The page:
Just days after the deaths of mother-daughter duo Debbie Reynolds and Carrie Fisher, HBO has announced that it will move up the premiere of a documentary film about the actresses that was supposed to air in March.
The film, “Bright Lights: Starring Debbie Reynolds and Carrie Fisher,” was predominately shot in 2014 and 2015. But following the deaths of the daughter and mother on Dec. 27 and Dec. 28, respectively, the cable channel has pushed up the airdate to Jan. 7 at 8 p.m.
A trailer from May for “Bright Lights: Starring Debbie Reynolds & Carrie Fisher”
“The story of a family’s complicated love, this documentary is an intimate portrait of Hollywood royalty in all its eccentricity,” HBO said in a release. “Carrie Fisher and her mother, Debbie Reynolds, live in the same Beverly Hills compound. The 83-year-old grand dame still has a Las Vegas act, but performing is taking its toll. Carrie’s response is both hilarious and heart-rending.”
“Bright Lights” tracks Fisher and Reynolds’ relationship as the daughter prepares for “Star Wars: Episode VII — The Force Awakens” and the mother prepares to receive a lifetime achievement award at the 2015 SAG Awards, which she wasn’t able to accept in person because of health issues. In November, Fisher told the Los Angeles Times that Reynolds’ “work ethic” helped her stay alive during that period.
“That’s how she didn’t die,” Fisher said. “She will power through anything. There is no obstacle my mother won’t acknowledge. She broke her leg once while onstage and went back on and sang ‘Tammy.’ She’s this amazing creature, y’know?”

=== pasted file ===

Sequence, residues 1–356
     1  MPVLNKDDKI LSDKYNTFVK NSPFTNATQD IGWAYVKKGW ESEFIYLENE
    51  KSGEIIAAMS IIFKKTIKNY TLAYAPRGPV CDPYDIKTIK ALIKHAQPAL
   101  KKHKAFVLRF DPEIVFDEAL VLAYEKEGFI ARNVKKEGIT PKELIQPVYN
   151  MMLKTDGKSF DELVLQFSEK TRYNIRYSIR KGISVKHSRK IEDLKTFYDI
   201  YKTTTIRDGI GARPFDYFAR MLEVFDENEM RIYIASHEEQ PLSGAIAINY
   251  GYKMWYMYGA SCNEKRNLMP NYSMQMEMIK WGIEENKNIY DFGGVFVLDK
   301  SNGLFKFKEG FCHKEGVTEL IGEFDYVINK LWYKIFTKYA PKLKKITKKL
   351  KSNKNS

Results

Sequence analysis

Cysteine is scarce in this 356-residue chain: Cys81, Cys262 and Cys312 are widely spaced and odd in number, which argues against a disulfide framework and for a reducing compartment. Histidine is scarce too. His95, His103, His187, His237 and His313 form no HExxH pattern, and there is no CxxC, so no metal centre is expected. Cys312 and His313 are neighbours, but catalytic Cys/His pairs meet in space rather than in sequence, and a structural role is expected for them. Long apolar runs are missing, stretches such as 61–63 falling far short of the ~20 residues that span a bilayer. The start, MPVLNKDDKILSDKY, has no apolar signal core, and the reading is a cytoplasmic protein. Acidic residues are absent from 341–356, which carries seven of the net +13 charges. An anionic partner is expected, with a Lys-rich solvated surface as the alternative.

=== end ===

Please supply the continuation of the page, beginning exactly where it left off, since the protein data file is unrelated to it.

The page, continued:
The film has already been shown multiple times, including at the Cannes Film Festival in May and the New York Film Festival in October. In reviews published before Fisher’s and Reynolds’ deaths, The Hollywood Reporter called the film a “tender tribute” and the Los Angeles Times called it “refreshingly honest.”
In a joint statement to Variety following the celebrities’ deaths, the film’s directors, Alexis Bloom and Fisher Stevens, tried to describe the kinetic energy that appeared when Reynolds and Fisher were in a room at the same time.
“When either one entered a room, the energy changed. Quite simply, we were iron filings to their magnets. And never more so than when they were together. These women were more than mother and daughter: They were an expression of exquisite humanity in all its travail and triumph. They lived their days boldly. They sung every song worth singing (often together). Carrie and Debbie loved each other profoundly,” they wrote. “We are devastated they’re gone. And so very fortunate to have known them at all.”
HBO will also rerun Fisher’s one-woman show “Wishful Drinking” on Sunday at 9 p.m.